float[] viewProjection = new float[16];
        Matrix.multiplyMM(viewProjection, 0, projectionMatrix, 0, viewMatrix, 0);

        ShaderUtil.checkGLError(TAG, "Draw");

        GLES20.glBindBuffer(GLES20.GL_ARRAY_BUFFER, arrayBuffer);
        GLES20.glVertexAttribPointer(positionAttribute, 4, GLES20.GL_FLOAT, false, BYTES_PER_POINT, 0);
        GLES20.glUniformMatrix4fv(modelViewProjectionUniform, 1, false, viewProjection, 0);
        // Set point size to 5 pixels.
        GLES20.glUniform1f(pointSizeUniform, 5.0f);

        GLES20.glDrawArrays(GLES20.GL_POINTS, 0, numPoints);
        GLES20.glBindBuffer(GLES20.GL_ARRAY_BUFFER, 0);

        ShaderUtil.checkGLError(TAG, "Draw complete");

You can set the point size to different sizes,in pixels, using the pointSizeUniform variable. pointSizeUniform is set to 5 pixels in the sample app.

Add new shaders

There are many ways to view depth and display depth data in your app. Here, you will add a few shaders and create a simple color mapping visualization.

Add new .vert and .frag shaders into the src/main/assets/shaders/ directory.

Adding new .vert shader

In Android Studio:

  1. Right-click on the shaders directory
  2. Select New -> File
  3. Name it depth_point_cloud.vert
  4. Set it as a text file.

In the new .vert file, add the following code:


uniform mat4 u_ModelViewProjection;
uniform float u_PointSize;

attribute vec4 a_Position;

varying vec4 v_Color;

// Return an interpolated color in a 6 degree polynomial interpolation.
vec3 GetPolynomialColor(in float x,
  in vec4 kRedVec4, in vec4 kGreenVec4, in vec4 kBlueVec4,
  in vec2 kRedVec2, in vec2 kGreenVec2, in vec2 kBlueVec2) {
  // Moves the color space a little bit to avoid pure red.
  // Removes this line for more contrast.
  x = clamp(x * 0.9 + 0.03, 0.0, 1.0);
  vec4 v4 = vec4(1.0, x, x * x, x * x * x);
  vec2 v2 = * v4.z;
  return vec3(
    dot(v4, kRedVec4) + dot(v2, kRedVec2),
    dot(v4, kGreenVec4) + dot(v2, kGreenVec2),
    dot(v4, kBlueVec4) + dot(v2, kBlueVec2)

// Return a smooth Percept colormap based upon the Turbo colormap.
vec3 PerceptColormap(in float x) {
  const vec4 kRedVec4 = vec4(0.55305649, 3.00913185, -5.46192616, -11.11819092);
  const vec4 kGreenVec4 = vec4(0.16207513, 0.17712472, 15.24091500, -36.50657960);
  const vec4 kBlueVec4 = vec4(-0.05195877, 5.18000081, -30.94853351, 81.96403246);
  const vec2 kRedVec2 = vec2(27.81927491, -14.87899417);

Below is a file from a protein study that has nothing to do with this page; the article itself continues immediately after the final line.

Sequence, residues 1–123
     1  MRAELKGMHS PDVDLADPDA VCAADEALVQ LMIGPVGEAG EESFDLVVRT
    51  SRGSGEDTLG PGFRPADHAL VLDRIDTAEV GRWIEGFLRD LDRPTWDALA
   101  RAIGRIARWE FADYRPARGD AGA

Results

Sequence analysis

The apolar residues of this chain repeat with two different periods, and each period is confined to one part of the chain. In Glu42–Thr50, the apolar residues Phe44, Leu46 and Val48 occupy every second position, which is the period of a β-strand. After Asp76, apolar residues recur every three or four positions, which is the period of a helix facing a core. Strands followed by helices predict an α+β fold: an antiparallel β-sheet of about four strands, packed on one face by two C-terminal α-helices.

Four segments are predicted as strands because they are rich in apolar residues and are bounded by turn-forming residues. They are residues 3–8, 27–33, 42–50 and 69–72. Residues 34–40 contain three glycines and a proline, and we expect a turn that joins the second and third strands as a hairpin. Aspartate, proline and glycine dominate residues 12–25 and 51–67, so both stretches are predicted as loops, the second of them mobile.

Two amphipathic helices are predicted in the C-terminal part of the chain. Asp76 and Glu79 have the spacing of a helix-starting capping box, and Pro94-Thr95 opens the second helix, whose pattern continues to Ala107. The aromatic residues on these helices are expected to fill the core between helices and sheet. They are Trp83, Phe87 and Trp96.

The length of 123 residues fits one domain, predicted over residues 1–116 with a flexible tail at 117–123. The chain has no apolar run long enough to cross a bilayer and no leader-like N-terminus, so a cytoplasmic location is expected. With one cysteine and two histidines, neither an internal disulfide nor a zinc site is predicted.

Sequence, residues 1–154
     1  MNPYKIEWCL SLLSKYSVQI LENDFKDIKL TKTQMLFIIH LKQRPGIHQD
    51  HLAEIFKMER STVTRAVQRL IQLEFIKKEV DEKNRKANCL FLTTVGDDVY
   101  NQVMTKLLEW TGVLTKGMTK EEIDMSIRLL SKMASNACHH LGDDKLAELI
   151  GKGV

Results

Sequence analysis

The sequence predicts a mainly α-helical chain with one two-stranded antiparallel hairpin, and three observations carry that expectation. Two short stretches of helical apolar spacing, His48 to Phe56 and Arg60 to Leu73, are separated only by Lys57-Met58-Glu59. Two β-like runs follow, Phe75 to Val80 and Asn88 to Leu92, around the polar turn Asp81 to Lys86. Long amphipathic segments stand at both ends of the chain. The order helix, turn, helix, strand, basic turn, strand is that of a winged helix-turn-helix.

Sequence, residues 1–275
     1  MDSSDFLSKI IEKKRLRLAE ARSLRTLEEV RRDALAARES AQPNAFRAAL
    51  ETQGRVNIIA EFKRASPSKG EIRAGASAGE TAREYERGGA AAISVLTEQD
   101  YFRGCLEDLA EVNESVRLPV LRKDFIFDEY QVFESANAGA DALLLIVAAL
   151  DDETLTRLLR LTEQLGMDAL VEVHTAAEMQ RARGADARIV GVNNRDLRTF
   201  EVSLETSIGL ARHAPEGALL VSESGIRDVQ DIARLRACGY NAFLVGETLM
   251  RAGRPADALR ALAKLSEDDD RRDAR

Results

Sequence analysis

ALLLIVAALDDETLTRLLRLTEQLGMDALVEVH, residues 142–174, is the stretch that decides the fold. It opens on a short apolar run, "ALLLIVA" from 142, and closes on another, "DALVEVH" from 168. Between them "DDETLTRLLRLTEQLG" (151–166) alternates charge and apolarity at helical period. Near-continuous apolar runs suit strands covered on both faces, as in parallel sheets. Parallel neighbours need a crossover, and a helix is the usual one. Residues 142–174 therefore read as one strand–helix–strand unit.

const vec2 kGreenVec2 = vec2(25.95549545, -5.02738237);
  const vec2 kBlueVec2 = vec2(-86.53476570, 30.23299484);
  const float kInvalidDepthThreshold = 0.01;
  return step(kInvalidDepthThreshold, x) *
         GetPolynomialColor(x, kRedVec4, kGreenVec4, kBlueVec4,
                            kRedVec2, kGreenVec2, kBlueVec2);

void main() {
   // Color the pointcloud by height.
   float kMinHeightMeters = -2.0f;
   float kMaxHeightMeters = 2.0f;
   float normalizedHeight = clamp((a_Position.y - kMinHeightMeters) / (kMaxHeightMeters - kMinHeightMeters), 0.0, 1.0);
   v_Color = vec4(PerceptColormap(normalizedHeight), 1.0);
   gl_Position = u_ModelViewProjection * vec4(, 1.0);
   gl_PointSize = u_PointSize;

This shader uses the Turbo colormap for improved visualization. It performs the following steps:

  1. Retrieves the elevation of each point (y-axis in world coordinates).
  2. Computes a color associated with that elevation (red=low, blue=high).
  3. Computes the screen position of each point.
  4. Sets the size (in pixels) for each point, as defined in the DepthRenderer.update() method.

Create a fragment shader in the same directory and name it depth_point_cloud.frag, repeating the same steps in this section.

Then add the following code to this new file to render each point as a single vertex of uniform color, as defined in the vertex shader.


precision mediump float;
varying vec4 v_Color;

void main() {
    gl_FragColor = v_Color;

To apply this rendering, add calls to the DepthRenderer class inside your RawDepthCodelabActivity.



At the top of the class, add a private member next to backgroundRenderer.

private final DepthRenderer depthRenderer = new DepthRenderer();

The depthRenderer needs to be initialized inside RawDepthCodelabActivity.onSurfaceCreated(), just like the existing backgroundRenderer.

depthRenderer.createOnGlThread(/*context=*/ this);